It’s not too much to say that the 1979 Book of Common Prayer’s Baptismal Covenant is (or at least was meant to be) a constitutive document. I rather like that word, constitutive. I had an office-mate in grad school who seemed to work it into every imaginable conversation (which always reminded me of an old Kids in the Hall sketch and the potential for obfuscating academic language).

At any rate, one doesn’t have to master French philosophy to understand that constitutive is an adjective implying an organizing principle: describing the Baptismal Covenant as constitutive means that it governs (or at least should govern) how we live as a body; it determines our culture. That does not, I hasten to add, exclude other texts/sources from having a constitutive status — canonical Scripture and the creeds being fairly obvious examples. The problem, though, is that the Baptismal Covenant is idiosyncratic, its liturgical use limited to the Episcopal Church in the United States, and therefore as a constitutive document it may pose problems for claims of catholicity, even among other Anglicans.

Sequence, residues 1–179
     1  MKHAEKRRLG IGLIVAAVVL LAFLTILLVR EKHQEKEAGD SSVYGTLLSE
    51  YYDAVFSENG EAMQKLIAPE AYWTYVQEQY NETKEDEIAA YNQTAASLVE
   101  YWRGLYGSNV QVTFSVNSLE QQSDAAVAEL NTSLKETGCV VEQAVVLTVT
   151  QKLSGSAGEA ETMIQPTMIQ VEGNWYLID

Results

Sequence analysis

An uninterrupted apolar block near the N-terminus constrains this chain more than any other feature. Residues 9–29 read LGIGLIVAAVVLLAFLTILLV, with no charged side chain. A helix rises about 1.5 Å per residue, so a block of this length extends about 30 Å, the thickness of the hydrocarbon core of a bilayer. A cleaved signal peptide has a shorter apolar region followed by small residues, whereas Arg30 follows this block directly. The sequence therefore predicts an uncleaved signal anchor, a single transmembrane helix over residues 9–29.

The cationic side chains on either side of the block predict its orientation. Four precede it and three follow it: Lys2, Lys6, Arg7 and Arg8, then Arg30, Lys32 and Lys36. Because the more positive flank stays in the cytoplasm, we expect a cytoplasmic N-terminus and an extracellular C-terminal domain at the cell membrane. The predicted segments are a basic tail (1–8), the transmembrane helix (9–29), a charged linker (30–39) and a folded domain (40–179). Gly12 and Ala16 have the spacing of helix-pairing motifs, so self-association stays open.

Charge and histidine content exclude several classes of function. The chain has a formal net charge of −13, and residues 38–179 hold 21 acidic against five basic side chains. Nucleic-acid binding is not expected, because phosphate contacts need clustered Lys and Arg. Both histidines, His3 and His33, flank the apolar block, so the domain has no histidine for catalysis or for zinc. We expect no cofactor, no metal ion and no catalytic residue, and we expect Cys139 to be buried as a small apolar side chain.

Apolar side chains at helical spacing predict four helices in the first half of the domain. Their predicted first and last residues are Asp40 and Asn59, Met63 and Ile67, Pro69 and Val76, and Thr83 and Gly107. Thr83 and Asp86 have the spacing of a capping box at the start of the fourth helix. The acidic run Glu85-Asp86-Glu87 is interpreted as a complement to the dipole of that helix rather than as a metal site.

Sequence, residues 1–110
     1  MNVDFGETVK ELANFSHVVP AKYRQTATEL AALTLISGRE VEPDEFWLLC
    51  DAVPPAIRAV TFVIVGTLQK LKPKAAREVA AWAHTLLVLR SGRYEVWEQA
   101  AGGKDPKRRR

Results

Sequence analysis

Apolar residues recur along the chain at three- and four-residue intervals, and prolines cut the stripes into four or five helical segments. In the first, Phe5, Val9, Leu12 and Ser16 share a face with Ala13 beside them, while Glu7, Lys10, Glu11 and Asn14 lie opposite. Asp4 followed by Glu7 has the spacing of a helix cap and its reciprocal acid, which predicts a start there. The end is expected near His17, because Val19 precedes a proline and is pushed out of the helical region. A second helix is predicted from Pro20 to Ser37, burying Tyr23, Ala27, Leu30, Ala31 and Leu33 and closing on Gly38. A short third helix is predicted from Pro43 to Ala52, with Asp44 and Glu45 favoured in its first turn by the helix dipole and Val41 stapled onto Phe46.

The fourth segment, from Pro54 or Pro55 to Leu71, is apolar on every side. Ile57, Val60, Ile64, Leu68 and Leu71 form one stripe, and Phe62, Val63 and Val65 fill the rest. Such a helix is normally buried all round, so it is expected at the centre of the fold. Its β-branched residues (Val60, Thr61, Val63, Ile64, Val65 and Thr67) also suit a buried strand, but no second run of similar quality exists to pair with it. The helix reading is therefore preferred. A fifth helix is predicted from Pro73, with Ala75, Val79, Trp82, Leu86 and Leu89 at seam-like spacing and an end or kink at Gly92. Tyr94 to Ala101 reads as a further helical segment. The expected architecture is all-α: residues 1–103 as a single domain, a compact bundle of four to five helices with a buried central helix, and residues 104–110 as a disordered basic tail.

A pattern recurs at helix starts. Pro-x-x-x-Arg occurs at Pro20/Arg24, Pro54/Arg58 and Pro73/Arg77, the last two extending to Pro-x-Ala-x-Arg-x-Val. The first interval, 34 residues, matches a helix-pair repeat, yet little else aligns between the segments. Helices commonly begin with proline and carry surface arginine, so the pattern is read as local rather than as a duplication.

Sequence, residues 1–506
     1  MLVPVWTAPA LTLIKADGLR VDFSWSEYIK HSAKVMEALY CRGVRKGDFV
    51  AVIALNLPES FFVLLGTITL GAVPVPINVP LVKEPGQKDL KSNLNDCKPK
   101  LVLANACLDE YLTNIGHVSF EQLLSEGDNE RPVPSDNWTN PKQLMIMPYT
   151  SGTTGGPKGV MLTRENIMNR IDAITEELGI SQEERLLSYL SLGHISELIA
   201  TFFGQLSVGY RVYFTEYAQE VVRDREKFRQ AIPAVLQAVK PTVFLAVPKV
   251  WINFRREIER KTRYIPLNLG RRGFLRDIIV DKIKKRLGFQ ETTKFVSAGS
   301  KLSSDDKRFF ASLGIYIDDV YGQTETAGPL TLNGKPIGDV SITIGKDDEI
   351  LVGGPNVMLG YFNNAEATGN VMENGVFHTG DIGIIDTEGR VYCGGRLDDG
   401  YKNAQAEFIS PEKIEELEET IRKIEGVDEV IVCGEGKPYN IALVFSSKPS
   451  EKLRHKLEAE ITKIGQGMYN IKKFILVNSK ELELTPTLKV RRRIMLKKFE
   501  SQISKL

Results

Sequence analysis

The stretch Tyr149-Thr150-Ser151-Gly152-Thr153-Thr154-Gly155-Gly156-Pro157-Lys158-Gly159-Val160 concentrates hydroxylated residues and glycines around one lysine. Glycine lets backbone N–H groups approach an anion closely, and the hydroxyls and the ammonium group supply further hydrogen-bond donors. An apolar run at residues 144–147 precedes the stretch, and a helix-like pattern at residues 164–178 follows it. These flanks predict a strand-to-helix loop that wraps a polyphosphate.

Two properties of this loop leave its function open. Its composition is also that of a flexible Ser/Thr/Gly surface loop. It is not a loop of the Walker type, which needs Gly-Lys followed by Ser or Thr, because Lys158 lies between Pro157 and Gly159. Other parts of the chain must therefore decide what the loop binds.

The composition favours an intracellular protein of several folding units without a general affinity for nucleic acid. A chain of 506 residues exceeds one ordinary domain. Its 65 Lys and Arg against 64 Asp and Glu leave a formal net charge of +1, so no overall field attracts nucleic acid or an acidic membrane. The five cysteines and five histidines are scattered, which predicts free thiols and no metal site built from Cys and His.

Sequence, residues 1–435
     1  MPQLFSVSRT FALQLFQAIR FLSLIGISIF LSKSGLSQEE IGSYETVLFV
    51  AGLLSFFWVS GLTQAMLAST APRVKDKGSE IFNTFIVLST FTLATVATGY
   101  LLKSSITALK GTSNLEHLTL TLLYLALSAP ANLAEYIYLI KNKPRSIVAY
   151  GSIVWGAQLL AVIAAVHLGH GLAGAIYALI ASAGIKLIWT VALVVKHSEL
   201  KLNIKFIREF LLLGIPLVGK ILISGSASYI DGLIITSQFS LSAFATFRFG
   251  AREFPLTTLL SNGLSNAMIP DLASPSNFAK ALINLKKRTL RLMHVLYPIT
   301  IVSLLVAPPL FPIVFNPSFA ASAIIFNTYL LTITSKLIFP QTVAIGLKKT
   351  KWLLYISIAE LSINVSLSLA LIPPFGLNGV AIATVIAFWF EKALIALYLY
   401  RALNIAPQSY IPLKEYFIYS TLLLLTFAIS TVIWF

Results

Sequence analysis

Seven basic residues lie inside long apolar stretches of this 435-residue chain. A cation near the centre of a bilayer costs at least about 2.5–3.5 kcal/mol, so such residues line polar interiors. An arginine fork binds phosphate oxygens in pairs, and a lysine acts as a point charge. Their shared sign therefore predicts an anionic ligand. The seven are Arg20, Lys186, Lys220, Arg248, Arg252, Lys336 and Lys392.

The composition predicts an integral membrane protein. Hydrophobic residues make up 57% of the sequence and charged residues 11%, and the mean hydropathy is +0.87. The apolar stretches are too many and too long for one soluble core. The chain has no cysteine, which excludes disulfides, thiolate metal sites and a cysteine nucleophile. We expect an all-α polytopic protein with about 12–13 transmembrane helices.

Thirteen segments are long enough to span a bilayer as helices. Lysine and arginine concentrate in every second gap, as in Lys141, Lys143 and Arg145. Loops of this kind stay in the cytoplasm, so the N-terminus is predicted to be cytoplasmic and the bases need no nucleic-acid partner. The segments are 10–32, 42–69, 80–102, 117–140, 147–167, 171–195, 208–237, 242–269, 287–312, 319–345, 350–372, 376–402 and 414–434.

For this post, though, I would like to put those problems aside, assume that the text is constitutive (there’s that word again), and tease apart what I suspect is the favorite element of the covenant for many Episcopalians — the final question, and specifically the final part of the final question: Will you respect the dignity of every human being?